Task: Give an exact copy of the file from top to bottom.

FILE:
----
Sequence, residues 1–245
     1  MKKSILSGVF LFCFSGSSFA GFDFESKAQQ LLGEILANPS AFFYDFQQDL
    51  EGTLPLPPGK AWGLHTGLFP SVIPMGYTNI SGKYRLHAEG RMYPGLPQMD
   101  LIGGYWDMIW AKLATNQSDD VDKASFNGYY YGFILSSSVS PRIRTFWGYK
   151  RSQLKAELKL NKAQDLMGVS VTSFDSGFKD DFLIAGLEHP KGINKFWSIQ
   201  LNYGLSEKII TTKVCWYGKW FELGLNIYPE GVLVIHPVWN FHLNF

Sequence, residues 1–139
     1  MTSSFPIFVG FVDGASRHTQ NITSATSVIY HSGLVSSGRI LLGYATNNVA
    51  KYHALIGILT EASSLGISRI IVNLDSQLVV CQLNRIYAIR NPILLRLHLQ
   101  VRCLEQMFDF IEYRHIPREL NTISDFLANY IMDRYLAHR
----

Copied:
Sequence, residues 1–245
     1  MKKSILSGVF LFCFSGSSFA GFDFESKAQQ LLGEILANPS AFFYDFQQDL
    51  EGTLPLPPGK AWGLHTGLFP SVIPMGYTNI SGKYRLHAEG RMYPGLPQMD
   101  LIGGYWDMIW AKLATNQSDD VDKASFNGYY YGFILSSSVS PRIRTFWGYK
   151  RSQLKAELKL NKAQDLMGVS VTSFDSGFKD DFLIAGLEHP KGINKFWSIQ
   201  LNYGLSEKII TTKVCWYGKW FELGLNIYPE GVLVIHPVWN FHLNF

Sequence, residues 1–139
     1  MTSSFPIFVG FVDGASRHTQ NITSATSVIY HSGLVSSGRI LLGYATNNVA
    51  KYHALIGILT EASSLGISRI IVNLDSQLVV CQLNRIYAIR NPILLRLHLQ
   101  VRCLEQMFDF IEYRHIPREL NTISDFLANY IMDRYLAHR